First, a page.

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I lost my baby and my father. But not my trust in God.

In 2010, after years of witnessing my father’s declining health, I learned just three months prior to my wedding that he had a progressive nuclear disorder called supranuclear palsy. As an only daughter, I adored my father. It was painful to watch him lose the ability to swallow, eat, breathe, walk and even talk. We were told my dad would not be able to attend my wedding, and he had only a few months to live. But my dad refused to accept that fate. Instead, he did what my parents had always taught me: Move forward; rely on our faith; trust in God. Not only did he make it to my wedding, he walked me down the aisle and, with my mom’s help, danced with me at the reception.

My dad has always been a model of faith for me, and my family and my faith are inextricably intertwined. I grew up attending Catholic school, and my father was a stickler for making sure we attended Mass every Sunday. My parents instilled in me the lesson that no matter what life threw at me, God would always be there to guide me. I did not always appreciate this advice while growing up, but as an adult it became vital to my survival.

While raising young sons, I worked as an early morning television news reporter for my hometown station in San Diego. At the same time, I served as a caregiver to my dad. It was not always easy, but with the help of my mom, we were moving forward and letting our faith lead the way.

Our lives would change again in 2016 when I became pregnant. In the early weeks, the only sign of pregnancy was my St. Gerard medal, the patron saint of expectant mothers, hanging from my neck.

Not long after we learned about the pregnancy, a bad storm hit San Diego. As a reporter, I instinctively knew I would be out in the field the very next day, but I had a strange feeling in the pit of my stomach. As I got ready for work, I was oddly afraid, despite the fact that I had covered hurricanes and snowstorms before. In addition to my St. Gerard medal, that morning my mom pinned my father’s miraculous medal on me.

Seconds before I was going to report live, a tree fell on me and my photographer.

The photographer and I headed out to report on downed trees. I got through one live report and was preparing to do my next live shot, but it never happened. Seconds before I was going to report live, a tree fell on me and my photographer. I was knocked unconscious, buried under tree branches, and first responders had to dig to find me.

I vaguely remember being in the ambulance looking for my mom and telling the E.M.T.s I was pregnant. In the intensive care unit, I wore a neck brace, and my arms were tied down in an attempt to stabilize me. I had suffered a concussion, was bleeding from my head and had so many broken bones that the doctors told me they stopped counting.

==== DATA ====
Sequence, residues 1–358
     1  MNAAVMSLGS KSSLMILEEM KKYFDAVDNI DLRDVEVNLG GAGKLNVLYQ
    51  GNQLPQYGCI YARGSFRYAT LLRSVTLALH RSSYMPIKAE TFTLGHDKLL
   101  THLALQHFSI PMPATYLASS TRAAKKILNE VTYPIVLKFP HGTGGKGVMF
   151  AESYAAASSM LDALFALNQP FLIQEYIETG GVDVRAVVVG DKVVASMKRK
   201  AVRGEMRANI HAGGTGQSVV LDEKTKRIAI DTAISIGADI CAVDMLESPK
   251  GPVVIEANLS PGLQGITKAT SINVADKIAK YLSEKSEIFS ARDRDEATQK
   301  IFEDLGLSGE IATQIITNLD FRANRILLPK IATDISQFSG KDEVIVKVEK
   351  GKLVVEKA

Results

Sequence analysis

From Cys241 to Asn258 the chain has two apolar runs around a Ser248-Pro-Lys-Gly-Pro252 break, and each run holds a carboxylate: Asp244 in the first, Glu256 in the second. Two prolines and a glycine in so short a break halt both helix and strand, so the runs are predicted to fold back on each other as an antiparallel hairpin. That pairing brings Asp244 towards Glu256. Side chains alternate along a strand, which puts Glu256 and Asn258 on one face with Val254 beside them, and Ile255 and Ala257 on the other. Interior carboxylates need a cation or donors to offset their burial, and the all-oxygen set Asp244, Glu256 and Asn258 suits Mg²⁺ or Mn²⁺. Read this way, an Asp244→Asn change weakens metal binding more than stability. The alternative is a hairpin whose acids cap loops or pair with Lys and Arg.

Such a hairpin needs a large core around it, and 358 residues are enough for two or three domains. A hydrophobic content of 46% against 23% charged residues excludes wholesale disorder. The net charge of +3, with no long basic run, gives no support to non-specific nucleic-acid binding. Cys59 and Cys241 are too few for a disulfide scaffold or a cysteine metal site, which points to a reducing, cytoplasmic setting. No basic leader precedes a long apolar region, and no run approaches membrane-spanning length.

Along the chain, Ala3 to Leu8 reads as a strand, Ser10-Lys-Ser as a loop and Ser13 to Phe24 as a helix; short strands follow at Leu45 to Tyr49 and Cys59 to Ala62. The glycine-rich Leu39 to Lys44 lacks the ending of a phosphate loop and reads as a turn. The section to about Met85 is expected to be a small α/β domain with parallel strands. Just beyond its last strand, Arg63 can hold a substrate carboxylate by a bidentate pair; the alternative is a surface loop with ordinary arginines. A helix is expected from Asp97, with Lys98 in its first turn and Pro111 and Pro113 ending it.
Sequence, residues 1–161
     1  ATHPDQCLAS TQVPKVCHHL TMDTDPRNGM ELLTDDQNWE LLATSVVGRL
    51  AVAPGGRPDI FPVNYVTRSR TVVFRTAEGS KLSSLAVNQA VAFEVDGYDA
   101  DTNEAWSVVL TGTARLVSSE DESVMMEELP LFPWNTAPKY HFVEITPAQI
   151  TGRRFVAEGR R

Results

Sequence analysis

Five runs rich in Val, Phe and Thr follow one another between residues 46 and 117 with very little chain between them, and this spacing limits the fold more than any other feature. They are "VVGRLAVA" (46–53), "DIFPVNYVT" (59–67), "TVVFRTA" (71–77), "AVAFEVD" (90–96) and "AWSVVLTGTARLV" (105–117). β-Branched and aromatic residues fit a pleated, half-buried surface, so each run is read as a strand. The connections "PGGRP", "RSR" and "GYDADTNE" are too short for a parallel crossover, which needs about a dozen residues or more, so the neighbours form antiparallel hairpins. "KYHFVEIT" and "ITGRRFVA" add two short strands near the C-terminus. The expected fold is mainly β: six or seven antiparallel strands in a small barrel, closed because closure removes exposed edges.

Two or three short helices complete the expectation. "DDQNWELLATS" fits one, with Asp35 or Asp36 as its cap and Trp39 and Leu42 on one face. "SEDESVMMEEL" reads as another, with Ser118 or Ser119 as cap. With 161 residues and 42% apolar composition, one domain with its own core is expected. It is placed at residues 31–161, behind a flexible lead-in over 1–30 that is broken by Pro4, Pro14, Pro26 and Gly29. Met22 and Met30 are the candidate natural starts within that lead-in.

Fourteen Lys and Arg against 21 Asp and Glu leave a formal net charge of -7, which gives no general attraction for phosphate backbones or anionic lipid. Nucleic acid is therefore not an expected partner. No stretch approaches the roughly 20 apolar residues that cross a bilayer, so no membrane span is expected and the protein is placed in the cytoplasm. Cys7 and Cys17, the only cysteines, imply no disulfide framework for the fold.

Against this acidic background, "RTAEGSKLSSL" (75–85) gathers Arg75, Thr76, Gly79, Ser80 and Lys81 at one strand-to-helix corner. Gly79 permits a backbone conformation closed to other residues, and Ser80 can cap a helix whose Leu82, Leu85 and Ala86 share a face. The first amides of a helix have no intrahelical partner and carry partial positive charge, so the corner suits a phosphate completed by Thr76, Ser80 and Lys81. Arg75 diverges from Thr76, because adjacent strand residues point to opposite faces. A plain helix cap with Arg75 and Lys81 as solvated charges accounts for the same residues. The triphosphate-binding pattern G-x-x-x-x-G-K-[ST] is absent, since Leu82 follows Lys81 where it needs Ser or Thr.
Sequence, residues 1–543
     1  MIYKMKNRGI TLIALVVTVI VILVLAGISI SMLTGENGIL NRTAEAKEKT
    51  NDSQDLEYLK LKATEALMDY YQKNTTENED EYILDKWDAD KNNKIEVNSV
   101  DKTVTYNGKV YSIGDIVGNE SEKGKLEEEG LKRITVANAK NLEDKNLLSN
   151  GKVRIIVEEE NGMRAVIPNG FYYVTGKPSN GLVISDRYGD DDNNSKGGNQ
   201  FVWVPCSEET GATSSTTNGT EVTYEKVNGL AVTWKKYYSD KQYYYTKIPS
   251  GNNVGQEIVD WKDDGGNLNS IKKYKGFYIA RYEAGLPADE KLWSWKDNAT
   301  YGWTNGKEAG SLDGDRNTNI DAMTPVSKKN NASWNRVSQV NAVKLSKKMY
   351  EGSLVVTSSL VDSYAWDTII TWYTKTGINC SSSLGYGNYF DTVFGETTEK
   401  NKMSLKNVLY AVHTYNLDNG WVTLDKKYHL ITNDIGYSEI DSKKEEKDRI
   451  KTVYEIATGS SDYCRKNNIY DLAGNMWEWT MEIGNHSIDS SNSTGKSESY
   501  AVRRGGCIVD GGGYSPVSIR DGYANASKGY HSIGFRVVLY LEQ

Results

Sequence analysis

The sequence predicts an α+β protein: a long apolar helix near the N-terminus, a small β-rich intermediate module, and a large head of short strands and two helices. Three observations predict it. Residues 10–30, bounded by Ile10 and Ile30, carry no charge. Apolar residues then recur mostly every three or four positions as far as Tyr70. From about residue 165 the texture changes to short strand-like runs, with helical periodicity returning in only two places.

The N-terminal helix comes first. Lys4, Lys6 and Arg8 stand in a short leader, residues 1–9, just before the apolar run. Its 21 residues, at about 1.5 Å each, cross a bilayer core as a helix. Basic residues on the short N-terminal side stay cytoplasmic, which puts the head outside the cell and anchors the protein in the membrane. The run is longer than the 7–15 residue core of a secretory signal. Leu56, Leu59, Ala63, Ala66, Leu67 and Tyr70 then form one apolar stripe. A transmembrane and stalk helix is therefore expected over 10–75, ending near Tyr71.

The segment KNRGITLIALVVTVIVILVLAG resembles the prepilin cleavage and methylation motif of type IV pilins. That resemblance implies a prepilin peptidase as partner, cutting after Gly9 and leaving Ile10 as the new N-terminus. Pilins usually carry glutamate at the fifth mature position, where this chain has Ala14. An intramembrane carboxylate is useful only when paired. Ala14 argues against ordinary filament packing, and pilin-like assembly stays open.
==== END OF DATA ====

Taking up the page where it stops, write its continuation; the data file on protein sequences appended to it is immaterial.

The doctors told my husband I might never move my right arm again, and my neck would likely be permanently injured. Remarkable neurosurgeons and doctors pieced together my spine and injuries in a nine-hour surgery. After spending 11 days in the hospital, I was released to go home. A few days later, we learned the baby had not survived, and I had to return to the hospital.

The sense of loss was enormous. I was both grief-stricken and furious. But while watching my mom care for me and my dad over the next few months, I refused to lose faith. I prayed even harder that God would give me strength for my family. On days when all I could do was look at my children, unable to carry them or hug them because it hurt too much, I would think of my dad’s faith. I would think how he, barely able to lift his hands, was still fighting, still living.

Slowly I regained the ability to once again take care of the people who had cared for me.

I began to see improvements in my life and my ability to move. It took more than a year—one that involved journaling, prayer and tough rehab—to be able to move again. Slowly I regained the ability to once again take care of the people who had cared for me.

I was also determined that this injury would not keep me from returning to the job I loved. When I eventually went back to work, my nerves were frayed. But once again, I thought of the advice of my parents: Pray to God, trust in God, and he will help you through it.

Then in 2020, my faith was once again tested: My father, whose inner spirit and faith I channeled while recovering from my injury, was dying. How could I wrap my mind around losing the person who had been my inspiration—the man who had lived 10 years longer than predicted, long enough to meet his three grandsons, Joseph, Patrick and Christopher.

I had to dig deep in my heart and pray with all I had that God would help me get through this goodbye. As I held his hand in the hospital, I was reminded of my own time in a similar hospital room, unable to move. I thought about all we had overcome together as a family. It took a lot of prayers, meditation and soul-searching to get to the point where I could tell my father it was O.K. for him to rest; I reassured him that we would see each other again. At the end of his life, I found myself giving my father the very advice he had always given me: Move forward, have faith and trust that God will guide you.

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